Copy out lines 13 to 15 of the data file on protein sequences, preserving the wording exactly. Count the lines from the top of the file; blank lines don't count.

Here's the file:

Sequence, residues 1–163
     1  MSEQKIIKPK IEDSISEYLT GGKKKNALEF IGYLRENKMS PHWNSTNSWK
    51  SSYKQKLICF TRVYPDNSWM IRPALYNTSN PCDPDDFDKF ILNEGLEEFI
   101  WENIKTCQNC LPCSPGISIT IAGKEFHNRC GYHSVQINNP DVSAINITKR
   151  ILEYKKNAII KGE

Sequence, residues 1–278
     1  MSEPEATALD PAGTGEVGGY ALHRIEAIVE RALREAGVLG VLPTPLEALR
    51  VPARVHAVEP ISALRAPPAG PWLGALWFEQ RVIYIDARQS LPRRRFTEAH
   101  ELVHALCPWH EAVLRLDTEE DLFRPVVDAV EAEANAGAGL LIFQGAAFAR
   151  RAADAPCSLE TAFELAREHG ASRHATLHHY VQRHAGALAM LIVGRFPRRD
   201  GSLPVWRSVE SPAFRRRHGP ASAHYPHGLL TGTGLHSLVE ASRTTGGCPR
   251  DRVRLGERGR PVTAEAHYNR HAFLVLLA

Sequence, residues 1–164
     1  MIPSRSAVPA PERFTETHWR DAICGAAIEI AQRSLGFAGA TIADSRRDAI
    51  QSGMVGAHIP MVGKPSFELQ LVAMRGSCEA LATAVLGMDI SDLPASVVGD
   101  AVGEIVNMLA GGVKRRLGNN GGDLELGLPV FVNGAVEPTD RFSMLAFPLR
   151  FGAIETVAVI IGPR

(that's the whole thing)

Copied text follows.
Sequence, residues 1–164
     1  MIPSRSAVPA PERFTETHWR DAICGAAIEI AQRSLGFAGA TIADSRRDAI
    51  QSGMVGAHIP MVGKPSFELQ LVAMRGSCEA LATAVLGMDI SDLPASVVGD